23. On October 20, 1970, having still received no response from Pro Arts to his letters of September 25 and October 7, 1970, Bell telephoned Pro Arts. The person answering the telephone identified himself as T. Trikilis and said Pro Arts had not been printing DESIDERATA and that he would get back to Bell "by the next week" in response to Bell's demands for information as to the Pro Arts sources of DESIDERATA posters.
24. On November 12, 1970, still having received no response from Pro Arts to his previous letters and telephone call, Bell again telephoned Pro Arts. The person answering again identified himself as Ted Trikilis and said that a Pro Arts source of DESIDERATA had been Audio Visual Design in Clinton, Massachusetts; that Pro Arts was also pursuing Audio Visual with respect to copyrighted properties of Pro Arts; and that Trikilis would get back to Bell with the number of posters Pro Arts had obtained from Audio Visual.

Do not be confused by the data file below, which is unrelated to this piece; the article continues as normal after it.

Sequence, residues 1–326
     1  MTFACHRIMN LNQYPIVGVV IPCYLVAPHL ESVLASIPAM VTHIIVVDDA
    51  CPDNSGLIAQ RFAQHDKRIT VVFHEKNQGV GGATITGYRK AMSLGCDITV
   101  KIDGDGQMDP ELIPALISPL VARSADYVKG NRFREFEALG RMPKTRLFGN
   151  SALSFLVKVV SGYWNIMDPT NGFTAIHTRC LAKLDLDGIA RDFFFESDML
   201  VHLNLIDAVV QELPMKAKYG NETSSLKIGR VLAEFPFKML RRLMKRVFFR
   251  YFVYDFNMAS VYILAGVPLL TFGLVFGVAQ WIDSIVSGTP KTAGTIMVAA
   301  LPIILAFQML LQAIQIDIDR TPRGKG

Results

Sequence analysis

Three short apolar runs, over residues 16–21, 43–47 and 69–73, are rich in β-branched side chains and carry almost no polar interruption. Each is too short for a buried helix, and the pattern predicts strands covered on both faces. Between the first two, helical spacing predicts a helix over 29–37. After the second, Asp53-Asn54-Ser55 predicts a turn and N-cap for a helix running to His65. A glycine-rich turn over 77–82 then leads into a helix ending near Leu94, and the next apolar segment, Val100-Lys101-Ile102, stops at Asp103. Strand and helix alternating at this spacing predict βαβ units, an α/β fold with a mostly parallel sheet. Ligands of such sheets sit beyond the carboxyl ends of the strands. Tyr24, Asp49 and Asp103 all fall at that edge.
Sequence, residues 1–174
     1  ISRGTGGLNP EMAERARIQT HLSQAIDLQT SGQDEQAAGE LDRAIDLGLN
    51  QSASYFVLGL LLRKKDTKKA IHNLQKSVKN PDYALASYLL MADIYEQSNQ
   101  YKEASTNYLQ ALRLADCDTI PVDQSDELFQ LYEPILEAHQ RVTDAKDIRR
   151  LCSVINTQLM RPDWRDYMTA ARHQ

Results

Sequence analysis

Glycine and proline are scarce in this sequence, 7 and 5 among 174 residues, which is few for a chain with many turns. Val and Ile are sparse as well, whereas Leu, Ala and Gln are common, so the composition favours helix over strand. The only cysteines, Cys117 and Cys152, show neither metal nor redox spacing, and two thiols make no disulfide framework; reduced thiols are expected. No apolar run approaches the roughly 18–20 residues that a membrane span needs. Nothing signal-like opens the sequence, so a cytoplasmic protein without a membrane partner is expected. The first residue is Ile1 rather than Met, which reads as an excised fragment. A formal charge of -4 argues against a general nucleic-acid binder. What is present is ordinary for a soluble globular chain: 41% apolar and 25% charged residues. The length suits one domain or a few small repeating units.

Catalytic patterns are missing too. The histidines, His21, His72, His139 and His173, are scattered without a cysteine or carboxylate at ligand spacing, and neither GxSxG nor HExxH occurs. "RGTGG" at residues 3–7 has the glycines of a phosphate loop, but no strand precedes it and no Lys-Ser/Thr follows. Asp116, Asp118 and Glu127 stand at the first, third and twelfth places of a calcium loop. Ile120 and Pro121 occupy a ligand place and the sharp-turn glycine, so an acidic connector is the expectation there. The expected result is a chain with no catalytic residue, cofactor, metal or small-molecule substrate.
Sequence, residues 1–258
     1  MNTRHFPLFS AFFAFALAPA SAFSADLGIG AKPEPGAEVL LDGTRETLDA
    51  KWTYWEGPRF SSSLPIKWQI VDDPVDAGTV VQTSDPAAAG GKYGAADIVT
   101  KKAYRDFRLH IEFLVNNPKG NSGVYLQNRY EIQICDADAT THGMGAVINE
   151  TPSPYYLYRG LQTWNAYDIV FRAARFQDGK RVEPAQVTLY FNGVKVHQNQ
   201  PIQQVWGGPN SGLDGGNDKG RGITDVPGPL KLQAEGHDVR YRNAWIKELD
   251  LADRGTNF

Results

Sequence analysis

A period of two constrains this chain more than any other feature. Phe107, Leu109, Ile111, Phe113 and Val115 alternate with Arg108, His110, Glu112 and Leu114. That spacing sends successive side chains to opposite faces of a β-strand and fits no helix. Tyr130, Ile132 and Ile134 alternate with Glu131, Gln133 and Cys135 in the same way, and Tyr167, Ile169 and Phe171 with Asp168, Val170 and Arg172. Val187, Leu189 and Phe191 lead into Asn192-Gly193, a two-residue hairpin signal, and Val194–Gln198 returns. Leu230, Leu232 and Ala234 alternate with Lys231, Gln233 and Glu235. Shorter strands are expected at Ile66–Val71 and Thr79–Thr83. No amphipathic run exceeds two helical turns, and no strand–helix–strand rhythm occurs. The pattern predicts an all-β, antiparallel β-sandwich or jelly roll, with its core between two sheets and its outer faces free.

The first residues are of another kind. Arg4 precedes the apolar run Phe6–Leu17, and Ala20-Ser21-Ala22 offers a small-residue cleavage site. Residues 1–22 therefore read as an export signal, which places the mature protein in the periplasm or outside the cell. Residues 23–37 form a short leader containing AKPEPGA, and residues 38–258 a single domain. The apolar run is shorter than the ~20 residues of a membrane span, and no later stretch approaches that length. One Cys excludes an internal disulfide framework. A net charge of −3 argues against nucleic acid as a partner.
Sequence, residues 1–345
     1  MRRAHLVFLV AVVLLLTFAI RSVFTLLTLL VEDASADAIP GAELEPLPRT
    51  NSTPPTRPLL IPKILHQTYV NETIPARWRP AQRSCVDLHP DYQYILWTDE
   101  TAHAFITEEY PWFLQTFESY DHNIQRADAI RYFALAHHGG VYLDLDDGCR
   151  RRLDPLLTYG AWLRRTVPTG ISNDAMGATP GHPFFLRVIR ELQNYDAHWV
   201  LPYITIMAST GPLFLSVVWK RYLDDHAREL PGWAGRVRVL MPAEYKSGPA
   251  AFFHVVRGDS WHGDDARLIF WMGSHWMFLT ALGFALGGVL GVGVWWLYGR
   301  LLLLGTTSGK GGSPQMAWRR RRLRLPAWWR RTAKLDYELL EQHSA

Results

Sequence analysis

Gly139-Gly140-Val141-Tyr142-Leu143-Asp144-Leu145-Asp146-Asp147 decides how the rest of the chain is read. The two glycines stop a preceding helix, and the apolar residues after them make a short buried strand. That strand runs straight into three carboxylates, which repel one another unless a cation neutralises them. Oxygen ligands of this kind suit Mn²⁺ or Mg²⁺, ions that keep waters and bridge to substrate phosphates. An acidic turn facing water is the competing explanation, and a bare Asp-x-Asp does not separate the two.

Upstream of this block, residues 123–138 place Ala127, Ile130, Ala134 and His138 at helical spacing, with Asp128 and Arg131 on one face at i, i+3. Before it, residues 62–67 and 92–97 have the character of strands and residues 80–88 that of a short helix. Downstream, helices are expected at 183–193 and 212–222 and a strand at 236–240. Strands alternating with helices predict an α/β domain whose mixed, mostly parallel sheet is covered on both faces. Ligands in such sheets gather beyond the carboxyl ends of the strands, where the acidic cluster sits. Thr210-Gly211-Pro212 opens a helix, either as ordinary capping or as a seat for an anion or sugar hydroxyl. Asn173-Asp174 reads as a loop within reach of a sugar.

25. On November 30, 1970, still having no written response from Pro Arts to his previous letters and telephone calls, Bell again telephoned Pro Arts. This time, M. Trikilis answered and promised to get the requested information for Bell, promptly, as to how many DESIDERATA posters had been sold by Pro Arts and their source.
26. On December 21, 1970, still having received no response from Pro Arts, Bell again submitted a written demand *480 to Pro Arts. This time, Bell's letter was addressed to Mike Trikilis, Pro Arts, Inc., 1040 Industrial Parkway, Medina, Ohio 44256 (PX-12). In this letter, Bell recited having called Pro Arts several times and having spoken to both M. Trikilis and T. Trikilis; and further stated that both of them had failed ". . . in every promise you have made to send me information relative to sales of DESIDERATA and to send me a poster manufactured by Audio Visual in Clinton, Massachusetts." Bell's letter demand of December 21, 1970, further stated: